Muslim Marriage

Muslim law has derived from various ancient as well as modern sources which are codified and uncodified both like- Quran, Ijma, Qiyas, customs, urf, precedents, equity and various other legislations. Just like Hinduism, Islam has also given different types of marriage but, the Muslim concept of marriage differs from the Hindu concept
The general essentials of a Muslim Marriage are:

• Parties must have competent to marry.
• Proposal (ijab) and acceptance (qubool) must be made.
• Free consent of both the parties.
• A consideration (mehr).
• No legal Impediment.
• There must be sufficient witnesses which may differ in shia and sunni law.

When all the legal requirements are fulfilled and there are no prohibitions that could affect the parties, then the marriage is correct and called ‘sahih’. The marriage which is being voided creates no rights or obligations among each other and the children born out of such marriage are illegitimate children. A marriage that is forbidden by the rules of blood relationship or a marriage with the wife of another or a divorced wife during iddah period is also void and called as Batil.
There are times when due to lack of some formality marriage becomes irregular, however, this irregularity is not permanent in nature and can be rectified. Thus, the marriage is not unlawful and can be made valid once the prohibitions were rectified. Marriage in such circumstances is called ‘Fasid’.Following are the reasons when marriage becomes Fasid

• A marriage was done without the required number of witnesses;
• A marriage with women during the period of Iddat ;
• A marriage with women without the consent of her guardian in the case when such consent is considered necessary;
• A marriage prohibited because of difference in religion;
• A marriage with a woman who is pregnant and when the pregnancy was not caused by adultery or fornication;
• A marriage with the fifth wife.

Registration of marriage in Muslims is compulsory and mandatory because a Muslim marriage is treated as a civil contract. According to section 3 of the Muslim Marriages Registration Act 1981, “Every marriage contracted between Muslims after the commencement of this Act, shall be registered as hereinafter provided, within thirty days from the conclusion of the Nikah Ceremony”. Nikahnama must get after the marriage. It is a type of legal document which contains the essential details of the marriage.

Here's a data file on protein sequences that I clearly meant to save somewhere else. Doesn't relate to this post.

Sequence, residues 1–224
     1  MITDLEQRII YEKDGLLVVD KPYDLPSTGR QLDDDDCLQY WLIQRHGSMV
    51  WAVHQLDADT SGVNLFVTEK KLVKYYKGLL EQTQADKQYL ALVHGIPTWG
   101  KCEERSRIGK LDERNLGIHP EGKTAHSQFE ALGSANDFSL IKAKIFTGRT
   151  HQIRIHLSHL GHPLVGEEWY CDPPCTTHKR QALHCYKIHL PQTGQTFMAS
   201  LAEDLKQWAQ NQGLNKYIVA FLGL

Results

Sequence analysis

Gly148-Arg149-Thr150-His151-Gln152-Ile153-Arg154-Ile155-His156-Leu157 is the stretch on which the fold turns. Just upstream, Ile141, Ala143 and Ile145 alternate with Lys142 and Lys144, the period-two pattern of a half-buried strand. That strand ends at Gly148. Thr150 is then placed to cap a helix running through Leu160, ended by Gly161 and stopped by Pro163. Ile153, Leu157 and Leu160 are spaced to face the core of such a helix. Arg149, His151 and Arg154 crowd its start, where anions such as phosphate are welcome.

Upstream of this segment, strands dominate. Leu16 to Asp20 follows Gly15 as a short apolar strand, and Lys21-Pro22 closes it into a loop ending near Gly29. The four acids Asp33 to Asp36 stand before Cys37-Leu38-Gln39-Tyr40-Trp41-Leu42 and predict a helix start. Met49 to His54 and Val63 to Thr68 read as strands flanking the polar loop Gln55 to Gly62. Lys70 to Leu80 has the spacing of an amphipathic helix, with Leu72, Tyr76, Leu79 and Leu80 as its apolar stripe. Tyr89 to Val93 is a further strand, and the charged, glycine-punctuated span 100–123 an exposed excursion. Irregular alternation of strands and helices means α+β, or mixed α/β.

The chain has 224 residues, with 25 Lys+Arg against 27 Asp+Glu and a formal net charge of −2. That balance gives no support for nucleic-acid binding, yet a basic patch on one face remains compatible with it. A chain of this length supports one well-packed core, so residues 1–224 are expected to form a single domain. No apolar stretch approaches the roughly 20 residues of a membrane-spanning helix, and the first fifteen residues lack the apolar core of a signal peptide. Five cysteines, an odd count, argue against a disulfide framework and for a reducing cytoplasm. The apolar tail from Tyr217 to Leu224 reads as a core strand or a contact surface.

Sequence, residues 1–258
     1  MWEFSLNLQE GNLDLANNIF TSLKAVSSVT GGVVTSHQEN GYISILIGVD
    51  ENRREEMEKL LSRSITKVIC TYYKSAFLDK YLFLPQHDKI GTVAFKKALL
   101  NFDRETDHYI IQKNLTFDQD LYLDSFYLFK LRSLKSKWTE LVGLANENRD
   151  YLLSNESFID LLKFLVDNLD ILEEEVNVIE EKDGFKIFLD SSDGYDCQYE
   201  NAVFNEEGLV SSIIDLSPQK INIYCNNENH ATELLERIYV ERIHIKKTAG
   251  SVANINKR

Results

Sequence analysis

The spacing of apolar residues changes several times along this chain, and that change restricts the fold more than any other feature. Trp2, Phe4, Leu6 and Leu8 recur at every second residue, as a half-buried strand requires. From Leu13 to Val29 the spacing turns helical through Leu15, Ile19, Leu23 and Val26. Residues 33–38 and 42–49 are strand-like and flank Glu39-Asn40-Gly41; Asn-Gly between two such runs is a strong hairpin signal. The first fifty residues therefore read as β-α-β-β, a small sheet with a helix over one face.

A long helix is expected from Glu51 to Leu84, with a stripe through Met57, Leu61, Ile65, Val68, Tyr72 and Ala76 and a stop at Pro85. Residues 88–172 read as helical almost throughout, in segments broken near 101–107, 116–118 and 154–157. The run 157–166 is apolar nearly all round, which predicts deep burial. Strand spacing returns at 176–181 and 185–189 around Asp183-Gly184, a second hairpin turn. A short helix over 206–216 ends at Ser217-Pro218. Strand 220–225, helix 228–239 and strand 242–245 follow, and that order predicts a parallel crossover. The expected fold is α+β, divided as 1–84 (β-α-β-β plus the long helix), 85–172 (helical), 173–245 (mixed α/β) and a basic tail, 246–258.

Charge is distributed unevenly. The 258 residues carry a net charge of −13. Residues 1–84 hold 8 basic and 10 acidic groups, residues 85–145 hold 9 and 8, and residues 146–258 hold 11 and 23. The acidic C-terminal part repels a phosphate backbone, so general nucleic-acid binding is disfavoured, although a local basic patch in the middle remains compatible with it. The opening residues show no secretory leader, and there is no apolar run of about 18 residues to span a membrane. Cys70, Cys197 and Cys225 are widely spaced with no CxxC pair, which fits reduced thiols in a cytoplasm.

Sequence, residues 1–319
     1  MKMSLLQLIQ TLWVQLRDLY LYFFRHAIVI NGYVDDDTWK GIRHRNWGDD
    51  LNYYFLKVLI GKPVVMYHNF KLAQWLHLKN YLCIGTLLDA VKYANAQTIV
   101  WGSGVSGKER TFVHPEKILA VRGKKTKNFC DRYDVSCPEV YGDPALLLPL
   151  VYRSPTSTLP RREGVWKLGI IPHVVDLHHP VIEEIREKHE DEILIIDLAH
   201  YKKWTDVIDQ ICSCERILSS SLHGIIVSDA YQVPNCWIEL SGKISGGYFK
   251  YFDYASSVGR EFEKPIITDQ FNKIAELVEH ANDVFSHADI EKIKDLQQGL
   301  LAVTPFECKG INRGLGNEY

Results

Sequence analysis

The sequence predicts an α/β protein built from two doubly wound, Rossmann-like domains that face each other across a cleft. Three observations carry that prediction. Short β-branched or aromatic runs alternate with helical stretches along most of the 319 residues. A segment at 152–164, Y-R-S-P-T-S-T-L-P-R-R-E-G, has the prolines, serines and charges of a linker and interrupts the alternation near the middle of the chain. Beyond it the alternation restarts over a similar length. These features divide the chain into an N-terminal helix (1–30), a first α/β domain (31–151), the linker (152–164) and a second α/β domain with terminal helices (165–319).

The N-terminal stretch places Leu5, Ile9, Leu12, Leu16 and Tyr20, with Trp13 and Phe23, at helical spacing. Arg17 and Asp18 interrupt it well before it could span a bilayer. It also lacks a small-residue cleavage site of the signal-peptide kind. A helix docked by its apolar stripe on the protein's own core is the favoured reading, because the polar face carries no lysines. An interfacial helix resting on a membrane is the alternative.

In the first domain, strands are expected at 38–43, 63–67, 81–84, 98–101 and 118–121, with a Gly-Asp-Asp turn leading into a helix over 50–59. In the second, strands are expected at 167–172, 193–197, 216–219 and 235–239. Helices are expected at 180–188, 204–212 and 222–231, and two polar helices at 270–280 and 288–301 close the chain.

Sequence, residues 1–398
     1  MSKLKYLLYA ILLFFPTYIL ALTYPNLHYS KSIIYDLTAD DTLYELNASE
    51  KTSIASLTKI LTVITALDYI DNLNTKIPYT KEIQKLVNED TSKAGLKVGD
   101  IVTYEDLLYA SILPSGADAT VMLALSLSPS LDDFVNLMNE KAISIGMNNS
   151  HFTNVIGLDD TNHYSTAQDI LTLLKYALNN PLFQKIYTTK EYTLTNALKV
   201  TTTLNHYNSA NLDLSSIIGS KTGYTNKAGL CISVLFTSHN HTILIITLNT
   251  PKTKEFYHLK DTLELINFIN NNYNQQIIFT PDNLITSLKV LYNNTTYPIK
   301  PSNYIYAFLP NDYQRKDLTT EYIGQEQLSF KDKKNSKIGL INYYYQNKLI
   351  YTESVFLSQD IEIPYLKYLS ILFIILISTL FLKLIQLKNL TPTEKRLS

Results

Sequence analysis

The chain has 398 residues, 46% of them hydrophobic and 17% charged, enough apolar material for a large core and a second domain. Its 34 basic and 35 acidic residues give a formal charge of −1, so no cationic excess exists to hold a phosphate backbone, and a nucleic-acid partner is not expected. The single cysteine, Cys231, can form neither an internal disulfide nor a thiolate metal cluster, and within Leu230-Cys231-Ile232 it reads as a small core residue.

There are two types of talaq in Muslims used to end the marriage those are
i) Talaaq-i-ahsan
A single pronouncement of divorce is made during the period of tuhr (the period of purity between two menstrual cycles), followed by restriction of sexual intercourse during the period of iddat. Here, the divorce can be revoked at any time before the completion of iddat and prevents hasty and unreasonable divorces.

ii) Talaaq-i-hasan
A husband is required to pronounce a formula of Talaaq three times in three successive periods of tuhrs. It is important that pronouncements are made when no sexual intercourse takes place during the period of tuhr. The marriage is dissolved irrevocably, regardless of the period of iddat.

It is also a form of Islamic divorce that is instant in nature. It allows any Muslim man to legally divorce his wife by stating the word “Talaaq” three times in oral or written form. This is prevalent among the Muslims in India, especially among the Hanafi school of Islam. This is also known as “Triple Talaaq” and has been a subject of debate and controversy.
In Shayara Bano V. Union of India and Ors.:
The court held that “This practice of talaq-e-biddat (unilateral triple-talaq) which practically treats women like chattel is neither harmonious with modern principles of human rights and gender equality, nor an integral part of Islamic faith, according to various noted scholars. Muslim women are subjected to such gross practices which treat them as chattel, thereby violating their fundamental rights enshrined in Articles 14, 15, 21, and 25 of the Constitution. The practice also wreaks havoc to the lives of many divorced women and their children, especially those belonging to the weaker economic sections of the society.”


Aishwarya Says:

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